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Policy Analysis

PolicyWatch 2917

Assessing the Protests in Tunisia

Sarah Feuer

Also available in العربية

January 12, 2018

The latest demonstrations will test the government of Prime Minister Chahed and the broader democratic experiment under way in the birthplace of the Arab Spring.

On Monday January 8, protests erupted in roughly a dozen towns across Tunisia, ostensibly in response to an increase in the price of fuel, produce, and other goods resulting from implementation of the 2018 budget a week prior. In the days since, the protests have spread to more than twenty locales. Further, clashes with police have resulted in the death of one protestor and injuries to roughly eighty police officers; more than six hundred protestors have been arrested; a Jewish school has been firebombed, causing property damage but no injuries; and the military has been deployed in certain cities. The coming days will likely determine whether this unrest proves a momentary, if acute, bump in the road or a turning point in Tunisia's fragile transition.


The protests come seven years after the uprising that toppled longtime dictator Zine al-Abidine Ben Ali and ultimately inspired a wave of revolts across the region, most of which devolved into chaos, violence, or authoritarian resurgence. Tunisia has thus far managed to avoid such a fate, carrying out two successful rounds of national elections, approving a new constitution widely seen as the most progressive in the Arab world, and beginning the lengthy and difficult process of transforming state institutions that previously served the interests of an elite few into bodies accountable to an entire citizenry. 

The transition has not always been smooth. Between 2012 and 2016, the most overt sources of instability were security related and political in nature. On the security front, the country experienced an attack on the U.S. embassy, a series of political assassinations, two high-casualty terrorist strikes, and an attempted insurgency in a town along the Libyan border—all perpetrated by individuals with ties to extremist Islamist groups. With the exception of the 2013 assassinations, the terrorists behind these attacks all had links to Libya, highlighting the spillover effect on Tunisia from the chaos next door. Since early 2016, the country has not endured a major security incident, reflecting improvements in the state's border control and counterterrorism apparatuses.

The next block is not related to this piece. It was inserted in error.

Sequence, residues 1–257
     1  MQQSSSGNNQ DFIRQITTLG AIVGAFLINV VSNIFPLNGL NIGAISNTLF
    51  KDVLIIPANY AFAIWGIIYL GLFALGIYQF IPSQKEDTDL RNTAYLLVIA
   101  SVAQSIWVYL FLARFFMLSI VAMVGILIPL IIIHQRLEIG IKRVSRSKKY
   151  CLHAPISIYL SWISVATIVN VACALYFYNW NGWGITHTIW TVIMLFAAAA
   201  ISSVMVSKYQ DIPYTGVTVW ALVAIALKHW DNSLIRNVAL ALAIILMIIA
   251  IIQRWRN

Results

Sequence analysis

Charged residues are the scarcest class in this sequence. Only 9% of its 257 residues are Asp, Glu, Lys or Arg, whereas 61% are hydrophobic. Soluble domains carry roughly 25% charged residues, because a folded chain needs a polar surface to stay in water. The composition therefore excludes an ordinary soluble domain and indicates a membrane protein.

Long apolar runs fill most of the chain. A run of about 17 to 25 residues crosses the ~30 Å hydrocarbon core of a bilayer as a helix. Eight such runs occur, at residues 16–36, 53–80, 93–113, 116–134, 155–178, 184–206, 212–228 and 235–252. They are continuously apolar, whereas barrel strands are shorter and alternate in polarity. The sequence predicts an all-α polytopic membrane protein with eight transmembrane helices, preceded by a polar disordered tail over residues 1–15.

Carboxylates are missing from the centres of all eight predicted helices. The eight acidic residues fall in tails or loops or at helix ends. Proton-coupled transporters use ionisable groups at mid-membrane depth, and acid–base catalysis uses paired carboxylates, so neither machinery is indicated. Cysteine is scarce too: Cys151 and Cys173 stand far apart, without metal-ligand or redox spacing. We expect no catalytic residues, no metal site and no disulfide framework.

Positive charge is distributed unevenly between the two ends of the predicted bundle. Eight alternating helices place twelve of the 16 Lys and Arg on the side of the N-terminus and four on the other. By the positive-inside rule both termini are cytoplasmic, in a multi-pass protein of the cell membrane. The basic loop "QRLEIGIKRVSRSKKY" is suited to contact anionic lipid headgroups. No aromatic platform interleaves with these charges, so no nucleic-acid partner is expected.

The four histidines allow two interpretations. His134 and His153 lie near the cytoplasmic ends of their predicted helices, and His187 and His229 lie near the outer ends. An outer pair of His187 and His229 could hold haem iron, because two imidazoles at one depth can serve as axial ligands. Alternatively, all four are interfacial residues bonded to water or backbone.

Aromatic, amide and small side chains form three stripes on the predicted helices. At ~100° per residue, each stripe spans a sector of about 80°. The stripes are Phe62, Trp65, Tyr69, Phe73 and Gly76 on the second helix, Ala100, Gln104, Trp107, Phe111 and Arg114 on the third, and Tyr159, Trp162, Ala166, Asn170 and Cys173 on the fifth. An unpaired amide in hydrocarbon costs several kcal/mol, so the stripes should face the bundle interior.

In the political realm, deepening polarization between supporters of the country's main Islamist party, Ennahda (Renaissance), and secularly oriented parties and civil society organizations brought the transition to the brink of collapse in 2013. Legislative elections in 2014 produced an unlikely alliance between Ennahda and the country's leading secular party, Nidaa Tounes (Call of Tunisia), which has since brought a considerable measure of political stability, albeit at the expense of a halting legislative process and ongoing postponements of local elections.

Whereas the state has managed to reduce the security threats and establish a functioning political system, the current protests expose the extent to which Tunisian leaders have failed to tackle the country's economic problems. In a December poll conducted by the International Republican Institute, 89% of respondents described the current economic situation as "very bad" or "somewhat bad," the highest such percentage since the IRI began tracking Tunisian public opinion in 2011. And whereas in previous years Tunisians ranked unemployment as a leading economic concern, today a plurality consider the economic and financial crisis the single biggest problem facing their country.

Such perceptions find support in reality. Alongside persistent unemployment (15% nationally and 30% among university graduates), and skyrocketing prices for staples such as meat and vegetables, the country's fiscal health has continued to deteriorate. The government of Prime Minister Youssef Chahed inherited a deficit constituting 6% of GDP, a public debt eating up half of GDP, and a currency that had lost a quarter of its value in just two years. In 2016, the IMF approved a four-year loan to Tunisia of $2.9 billion, in exchange for which the government agreed to rein in spending by shrinking the public sector (accounting for 50% of government expenditures), reducing wage increases, raising taxes, and implementing subsidy reforms. The last of these resulted in the price hikes fueling the recent protests. Notwithstanding Chahed's recent warnings that painful economic decisions would be necessary, the austerity measures come at a time when a quarter of the population reports having difficulty finding the means to feed itself.